June 16, 2008 at 5:06 pm |
  12. Lonnie Trevisan

    I am a nurse who is also a believer in Jesus Christ who died for the sins and the sickness of all of humanity. " If two of you agree on earth concerning anything that they ask, it will be done for them by My Father in heaven. " (Matthew 18: 20) These are the actual words of Jesus in the Bible. I encourage you to lay hands on this child, and speak words of healing, "By the stripes of Jesus Christ, you are healed." And believe that God will use you to heal the sick. And rebuke the enemy , the spirit of disease and infirmity over the child, in Jesus Name. We have authority over any witchcraft or demonic spirits if we are living bornagain believers in Jesus Christ and "Greater is He that is within us than He that is in the world." Jesus is alive even todya and miracles, sign, and wonders will follow those who act in faith in the aLord Jesus Christ. I am not discounting the research in the medical realm to find the correct medication for this condition, but it must be attacked from both the physical and the spiritual realm. Please pray .

    June 16, 2008 at 4:56 pm |
  13. Sasha

    Dr. Gupta-
    Thank you for bringing attention to some of the health issues facing Cameroon and its neighbors. I hope you get this in time to pursue something I have been curious about for years -since I was a Peace Corps Volunteer in Djoum, Cameroun (1995-1997); my village was about 115km south of Sangmelima, and I have passed through Akonolinga many times.
    It was found by some Columbia University researchers in the rainforrest not too far from me that the pygmies in my area had antibodies to the ebola virus, a disease that was newly coming to mainstream attention in 1995 (Richard Preston's book, and then the movie Outbreak had just come out plus there were the outbreaks in Gabon at the time). This suggested to me that the disease must not be that new, just new to us in the West. In addition, the pymies are traditionally nomadic, and when someone in the tribe dies, they do not bury their dead, they leave the camp and move on, leaving the body covered in leaves and rags.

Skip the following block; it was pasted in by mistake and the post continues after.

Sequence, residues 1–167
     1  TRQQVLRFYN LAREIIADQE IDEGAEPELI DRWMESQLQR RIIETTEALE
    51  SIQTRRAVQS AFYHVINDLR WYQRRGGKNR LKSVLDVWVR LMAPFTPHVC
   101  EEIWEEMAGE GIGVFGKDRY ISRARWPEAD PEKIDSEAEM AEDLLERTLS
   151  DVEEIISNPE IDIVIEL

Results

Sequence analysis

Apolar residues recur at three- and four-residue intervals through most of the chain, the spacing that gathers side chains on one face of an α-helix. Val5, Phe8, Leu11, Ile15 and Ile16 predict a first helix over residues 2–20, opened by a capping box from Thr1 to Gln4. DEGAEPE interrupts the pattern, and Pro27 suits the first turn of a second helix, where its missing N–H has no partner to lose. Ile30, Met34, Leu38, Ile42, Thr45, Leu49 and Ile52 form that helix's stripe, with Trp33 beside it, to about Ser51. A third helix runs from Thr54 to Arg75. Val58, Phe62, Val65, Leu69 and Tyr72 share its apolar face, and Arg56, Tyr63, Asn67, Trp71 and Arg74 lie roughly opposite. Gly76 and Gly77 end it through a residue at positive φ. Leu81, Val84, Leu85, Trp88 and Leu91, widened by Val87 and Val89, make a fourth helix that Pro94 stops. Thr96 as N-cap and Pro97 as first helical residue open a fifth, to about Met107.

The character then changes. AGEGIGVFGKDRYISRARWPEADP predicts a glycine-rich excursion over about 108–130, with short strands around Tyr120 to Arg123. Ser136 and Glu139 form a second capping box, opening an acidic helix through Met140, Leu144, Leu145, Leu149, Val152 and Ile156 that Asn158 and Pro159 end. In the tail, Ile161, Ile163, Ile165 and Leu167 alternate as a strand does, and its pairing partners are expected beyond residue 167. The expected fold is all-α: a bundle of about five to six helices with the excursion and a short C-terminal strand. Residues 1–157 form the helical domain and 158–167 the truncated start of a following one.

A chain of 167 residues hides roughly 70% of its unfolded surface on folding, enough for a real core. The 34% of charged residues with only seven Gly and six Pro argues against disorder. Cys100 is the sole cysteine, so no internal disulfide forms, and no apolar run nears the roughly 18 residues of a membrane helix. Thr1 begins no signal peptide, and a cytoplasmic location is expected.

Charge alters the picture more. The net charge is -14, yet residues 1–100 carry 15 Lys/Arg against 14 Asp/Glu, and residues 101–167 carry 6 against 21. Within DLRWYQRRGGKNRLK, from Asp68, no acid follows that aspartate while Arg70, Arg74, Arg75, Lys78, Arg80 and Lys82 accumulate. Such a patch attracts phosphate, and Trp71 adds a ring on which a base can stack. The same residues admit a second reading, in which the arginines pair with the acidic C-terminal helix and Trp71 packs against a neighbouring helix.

That made me wonder why, and I thought maybe they'd noticed a trend between preparation of a corpse for burial, and the preparer dying (contaminated by the blood of the deceased). Another piece of the puzzle is the fact that in the local language (Bulu), 'ebola' means 'rotten,' and the South Province's capital city is named Ebolowa, which translates to 'rotten monket mountain,' which would suggest something significant involving a rotten monkey must have happened there long ago. Finally, the main staple in my area was primates, since the tribes around me are hunter-gatherers, traditionally, and the anthropological impact of that is still very much in evidence.
    Now, the virus was named for the Ebola River in Congo because the 1986 Marburg virus which is what we now consider ebola or was the first known case of it, seems to have originated in a cave along this river; and in addition, the language local to that area splits off the language tree from Bulu far too early to assert that the Bulu word for rotten has anything to do with the name of the River, there just seems to be too much coincidence. I have a few more pieces of anecdotal evidence of a trend, if it would help.
    Any chance you can look into this or straighten me out?
    I look forward to your coming articles.

    June 16, 2008 at 4:46 pm |
  14. Donna

    Dear Dr. Gupta: I have admired your work at CNN and your continous curiousity about the world diseases and children. Thank you.
    Have you also studied Tropical Diseases in the Caribbean? Often times the suspicions also is in the rural areas in these islands with the handed down African traditions combined with the modern meds.

    Please keep up the good work or at least get other scients attention to look into these less fortunate peoples of the world.

    June 16, 2008 at 4:12 pm |
  15. Tracey Anderson - Boston, MA

    Naturale has lived with the shame of being a bastard and told this is his punishment!!!

    What in the world possesses people to blame the child. It really amazes me how adults treat children.

    Maybe the parents should be cursed!! That's how I feel.

    I know that is wrong to say it but not wrong to feel it.

    There are many ilegitimate children have made the most out of our society:

    Jesus Christ
    Constantine of New Rome/Byzantium/Constantinople
    William the Conqueror
    Leonardo da Vinci
    Richard Wagner
    Alexander Hamilton
    T.E. Lawrence

    and yor truely.

    June 16, 2008 at 4:11 pm |
  16. Marvin

    Good job Dr Gupta. But you make it sound like this is some exotic new discovery of a budding epidemic – or at least you run the risk of leaving that impression. This disease was first diagnosed in east africa and has been well documented in other continets... I understanding ratings are important, and 360 has to sell advertizing. But come on Doc...

    June 16, 2008 at 3:51 pm |
  17. ian browne

    So,verily,with every difficulty,there is relief. Quran 94:5

    June 16, 2008 at 3:48 pm |
  18. Kwame-Eric, Houston TX

    Good reporting...Hope a cure can be found easily....I'm sure this desease can be controlled and eradicated... I'm a native of Cameroon...and still love my homeland dearly ... Thanks for the lime light...God's speed...!

    June 16, 2008 at 3:40 pm |
  19. Micahel